Helen’s blog

Thoughts and tastings from Helen Savage, wine writer.

Archive for November, 2010

Beronia Gran Reserva: 1973 to 2001

Friday, November 19th, 2010

Bodegas Beronia was founded in 1973 and makes wine mainly from grapes grown in Rioja Alta. It was bought by Gonzalez Byass in 1982. I posted notes on some of their wines on October 21 and, as promised, here are my notes on their top wines – a remarkable flight of Gran Reservas shown in London by chief winemaker, Matias Celleja on 29 September. More information on the estate can also be found my  article in today’s Journal.


2001 Gran Reserva

Deep and young with good, tight, plummy, spicy fruit, with hints of coffee and chocolate. Soft at first then quite grippy with fine, lingering tannins and a touch of minerality.

1995 Gran Reserva (a dry, cold winter and a short vegetative cycle of 192 days and harvest 6 days earlier than expected, nevertheless rated ‘Excellent’ by the Consejo Regulador)

More evolved colour. A big, almost meaty nose, then rich, powerful and savoury in the mouth, with soft, ripe tannins.

1994 Gran Reserva (A vegetative cycle of 195 days. A  ‘slight inbalance between sugar levels and phenolic ripeness’ was restored by September rains. rated ‘Excellent’)

Quite deep, with big, rich, raisiny fruit with red fruits and spice in the mouth: focused and concentrated with a good structure – juicy acidity and slightly dusty tannins.

1987 Gran Reserva (Classed ‘Very Good’ – a more normal 200 day vegetative cycle and a slight reduction volume because of frosts in May after a cold winter)

Now quite garnet at the rim. The oak shows through rather – dusty and spicy. Quite a gentle wine with high acidity and rather drying fruit.

1985 Gran Reserva (Rated ‘Excellent’ – a hot, dry vintage following a 198 day vegetative cycle)

A similar colour, perhaps a shade deeper. a gentle, raisiny nose with the flavour of cherries in alcohol – sweet and a bit jammy. Just a shade rustic, but a very nice drink.

1982 Gran Reserva (a ‘practically perfect’ growing cycle – the best vintage of the 80s, giving wines of structure, balance and elegance)

A lovely old garnet. A gentle, balanced aroma of slightly fading red fruits and subtle spice. Still sweet, long and fine with good acidity.  A super wine that seems younger and finer than 1987!

1981 Gran Reserva (a cold, wet winter, early spring and a long, mild season – a growing cycle of 228 days)

Deeper than 82. Perfumed (dried flowers), less fruit and more spice than 82. Still a little chewy with quite high acidity. tannins now beginning to dry and becoming just a little astringent. It would show better with food.

1978 Gran Reserva (Classed ‘Very Good’, but more successful than that in Beronia’s vineyards)

Garnet. Nose a wee bit volatile and fading – old raspberry jam. Still quite sweet, but not without elegance and definitely still worth drinking.

1973 Gran Reserva (Cold, dry winter, a relatively short growing cycle and a hot, dry vintage)

A lovely old garnet. A sweet aroma of chocolate and coffee, less volatile than the 78. A bit tart and drying (a dry finish), but certainly alive and kicking.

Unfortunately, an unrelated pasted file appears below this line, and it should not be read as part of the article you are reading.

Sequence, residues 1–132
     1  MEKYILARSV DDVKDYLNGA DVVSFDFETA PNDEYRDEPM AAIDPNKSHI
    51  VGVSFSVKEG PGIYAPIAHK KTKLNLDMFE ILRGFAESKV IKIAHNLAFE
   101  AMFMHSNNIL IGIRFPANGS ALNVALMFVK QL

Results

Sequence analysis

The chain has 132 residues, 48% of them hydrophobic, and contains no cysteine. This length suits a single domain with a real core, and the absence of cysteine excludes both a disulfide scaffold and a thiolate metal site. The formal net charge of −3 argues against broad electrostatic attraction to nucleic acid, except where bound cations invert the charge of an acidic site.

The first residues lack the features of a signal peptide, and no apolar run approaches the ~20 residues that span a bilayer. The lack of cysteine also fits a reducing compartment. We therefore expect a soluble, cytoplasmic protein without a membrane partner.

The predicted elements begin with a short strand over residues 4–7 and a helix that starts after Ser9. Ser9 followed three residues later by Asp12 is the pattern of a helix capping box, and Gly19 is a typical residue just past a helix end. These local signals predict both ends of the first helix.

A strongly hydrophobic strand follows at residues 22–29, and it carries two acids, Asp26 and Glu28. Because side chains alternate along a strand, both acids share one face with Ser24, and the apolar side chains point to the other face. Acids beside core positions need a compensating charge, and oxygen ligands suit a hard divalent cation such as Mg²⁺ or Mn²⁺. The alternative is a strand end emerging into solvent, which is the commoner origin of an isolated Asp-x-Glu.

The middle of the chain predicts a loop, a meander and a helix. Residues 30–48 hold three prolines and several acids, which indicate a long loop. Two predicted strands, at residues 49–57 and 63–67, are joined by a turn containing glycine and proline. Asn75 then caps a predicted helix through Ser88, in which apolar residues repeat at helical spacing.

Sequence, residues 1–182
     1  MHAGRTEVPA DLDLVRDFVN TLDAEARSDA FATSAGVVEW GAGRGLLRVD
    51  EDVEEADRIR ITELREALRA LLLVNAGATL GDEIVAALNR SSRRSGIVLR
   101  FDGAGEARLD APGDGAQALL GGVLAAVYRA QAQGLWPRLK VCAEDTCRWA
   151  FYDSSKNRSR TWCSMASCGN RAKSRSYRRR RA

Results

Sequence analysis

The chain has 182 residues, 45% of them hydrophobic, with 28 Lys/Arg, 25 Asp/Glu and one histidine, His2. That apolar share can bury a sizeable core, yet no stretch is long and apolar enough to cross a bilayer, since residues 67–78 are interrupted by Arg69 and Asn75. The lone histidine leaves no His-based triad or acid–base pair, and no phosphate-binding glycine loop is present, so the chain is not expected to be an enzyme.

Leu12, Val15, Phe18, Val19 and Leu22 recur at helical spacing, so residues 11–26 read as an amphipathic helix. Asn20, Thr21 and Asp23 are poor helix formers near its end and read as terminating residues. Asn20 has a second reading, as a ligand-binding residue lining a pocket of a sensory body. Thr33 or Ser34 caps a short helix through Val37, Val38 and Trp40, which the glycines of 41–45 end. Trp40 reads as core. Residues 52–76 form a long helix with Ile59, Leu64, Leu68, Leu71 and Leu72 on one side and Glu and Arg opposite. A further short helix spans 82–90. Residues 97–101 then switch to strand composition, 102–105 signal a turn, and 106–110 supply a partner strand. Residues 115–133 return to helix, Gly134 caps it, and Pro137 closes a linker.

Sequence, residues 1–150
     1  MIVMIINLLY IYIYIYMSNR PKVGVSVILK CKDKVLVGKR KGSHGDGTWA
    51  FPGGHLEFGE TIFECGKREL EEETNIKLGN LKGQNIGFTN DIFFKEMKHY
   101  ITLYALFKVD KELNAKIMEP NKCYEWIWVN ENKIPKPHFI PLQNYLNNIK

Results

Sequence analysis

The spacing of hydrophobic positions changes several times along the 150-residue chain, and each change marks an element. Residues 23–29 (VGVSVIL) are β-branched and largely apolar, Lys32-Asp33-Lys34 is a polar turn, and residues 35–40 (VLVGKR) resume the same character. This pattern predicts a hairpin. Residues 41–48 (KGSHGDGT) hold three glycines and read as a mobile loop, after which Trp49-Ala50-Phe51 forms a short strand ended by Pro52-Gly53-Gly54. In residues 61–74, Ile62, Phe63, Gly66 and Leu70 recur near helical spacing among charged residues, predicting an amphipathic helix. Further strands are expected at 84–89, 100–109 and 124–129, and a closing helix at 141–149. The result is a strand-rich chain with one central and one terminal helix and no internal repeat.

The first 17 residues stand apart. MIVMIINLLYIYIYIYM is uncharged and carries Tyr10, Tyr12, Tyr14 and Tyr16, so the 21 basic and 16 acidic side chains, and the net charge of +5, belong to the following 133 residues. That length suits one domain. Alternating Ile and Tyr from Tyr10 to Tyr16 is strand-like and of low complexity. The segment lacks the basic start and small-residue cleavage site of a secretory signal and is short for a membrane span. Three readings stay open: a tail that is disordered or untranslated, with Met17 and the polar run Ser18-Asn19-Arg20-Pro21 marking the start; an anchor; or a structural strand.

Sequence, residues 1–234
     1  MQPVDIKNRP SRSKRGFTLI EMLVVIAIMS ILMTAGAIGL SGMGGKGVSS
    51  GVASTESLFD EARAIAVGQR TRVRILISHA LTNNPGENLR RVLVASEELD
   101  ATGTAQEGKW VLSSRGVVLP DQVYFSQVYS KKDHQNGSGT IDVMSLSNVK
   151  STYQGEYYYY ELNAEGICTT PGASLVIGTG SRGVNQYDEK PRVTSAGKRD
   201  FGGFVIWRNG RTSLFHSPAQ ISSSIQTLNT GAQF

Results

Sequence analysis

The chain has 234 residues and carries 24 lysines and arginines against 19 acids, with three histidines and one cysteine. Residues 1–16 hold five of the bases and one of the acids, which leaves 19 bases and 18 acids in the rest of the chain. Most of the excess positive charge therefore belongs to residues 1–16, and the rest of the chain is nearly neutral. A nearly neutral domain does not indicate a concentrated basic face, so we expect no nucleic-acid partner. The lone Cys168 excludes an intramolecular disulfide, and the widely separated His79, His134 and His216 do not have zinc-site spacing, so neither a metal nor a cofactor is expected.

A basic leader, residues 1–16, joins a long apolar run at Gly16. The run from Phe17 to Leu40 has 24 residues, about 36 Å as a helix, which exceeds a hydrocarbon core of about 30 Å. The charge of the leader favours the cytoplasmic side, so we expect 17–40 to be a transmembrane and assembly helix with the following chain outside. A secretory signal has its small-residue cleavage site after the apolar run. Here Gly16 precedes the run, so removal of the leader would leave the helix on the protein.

Burgundy 2010: ‘a challenging vintage’

Thursday, November 11th, 2010

Romain Taupenot’s verdict on 2010 is that it has been ‘a challenging vintage’. I talked to him at his domain, Tapuenot-Merme in Morey Saint Denis on Tuesday. ‘  Even before the season began there were problems. On 22 December 2009 a frost of -22C, without wind, killed many old vines, especially on the plain at Vosne Romanee. The first real problems of the growing season came in June during flowering. It rained in the second week of June, which resulted in both coulure and millerandage.

Yields were reduced more heavily in the generic and village appellations than the Premiers or Grands Crus – 30 to 50% down in the village wines, around 20% down for the Premiers Crus and 10 to 15% for the Grands Crus, which had flowered earlier and escaped the worst of the cold wet snap.

Rain in September, even during harvest for the first time in a decade ( which began on September 23 at Taupenot-Merme), led to some problems with rot, even though the berries in 2010 were quite thick skinned.  Unusually, even some of the tiny berries produced as a result of millerandage were subject to rot and bunches were not consistently ripe. Careful selection was essential.

The Cote de Beaune saw lower sugar levels than the Cote de Nuits. The level of potential alcohol at Saint Romain was 11.4/11.5, that of the Premiers Crus in the Cote de Nuits was a respectable 13% and 13.25 for the Grands Crus. Corton was the glorious exception in the Cote de Beaune with 13.9% – higher even than in 2009.

Fruit flavours, said Romain, were generally very good indeed, but acidity is high, especially, as in 2008, the level of malic acid.

Further north, in Chablis, Thomas Pico told me that 2010 had been a little less challenging although the rain in September also made careful selection necessary to remove rotten grapes. Yields, at around 40 hl/ha are good. The harvest was relatively late in comparison with recent years, finishing around 10 October which lowered acid levels. These, Thomas assured me are ‘correct’. Sugar levels are not especially high, but as Thomas says, ‘we don’t want very alcoholic wines here.’ Herve Tucki of Blason de Bourgogne told me that some of the Chablisienne growers even encountered a little noble rot.

The Cote Chalonnaise suffered greater problems according to Rene Bourgeon at Jambles.  Although the season started promisingly, a lot of water, he said, meant a lot of rot developed. Overall the quality is a little disappointing, but, he thinks, the wines may resemble those of 2007, which is certainly no disater: they are already giving a lot of pleasure.